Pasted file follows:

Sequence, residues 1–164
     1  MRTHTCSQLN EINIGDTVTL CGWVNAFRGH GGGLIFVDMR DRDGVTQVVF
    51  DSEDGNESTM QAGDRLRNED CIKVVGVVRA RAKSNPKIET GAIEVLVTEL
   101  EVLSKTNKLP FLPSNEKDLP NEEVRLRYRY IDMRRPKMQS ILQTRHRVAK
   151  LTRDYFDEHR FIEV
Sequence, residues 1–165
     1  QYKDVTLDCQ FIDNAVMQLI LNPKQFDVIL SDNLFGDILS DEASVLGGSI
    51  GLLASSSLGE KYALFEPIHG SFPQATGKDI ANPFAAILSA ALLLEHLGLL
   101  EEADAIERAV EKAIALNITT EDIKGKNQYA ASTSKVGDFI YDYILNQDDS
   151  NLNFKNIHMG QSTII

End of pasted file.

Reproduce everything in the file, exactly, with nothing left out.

Sequence, residues 1–164
     1  MRTHTCSQLN EINIGDTVTL CGWVNAFRGH GGGLIFVDMR DRDGVTQVVF
    51  DSEDGNESTM QAGDRLRNED CIKVVGVVRA RAKSNPKIET GAIEVLVTEL
   101  EVLSKTNKLP FLPSNEKDLP NEEVRLRYRY IDMRRPKMQS ILQTRHRVAK
   151  LTRDYFDEHR FIEV
Sequence, residues 1–165
     1  QYKDVTLDCQ FIDNAVMQLI LNPKQFDVIL SDNLFGDILS DEASVLGGSI
    51  GLLASSSLGE KYALFEPIHG SFPQATGKDI ANPFAAILSA ALLLEHLGLL
   101  EEADAIERAV EKAIALNITT EDIKGKNQYA ASTSKVGDFI YDYILNQDDS
   151  NLNFKNIHMG QSTII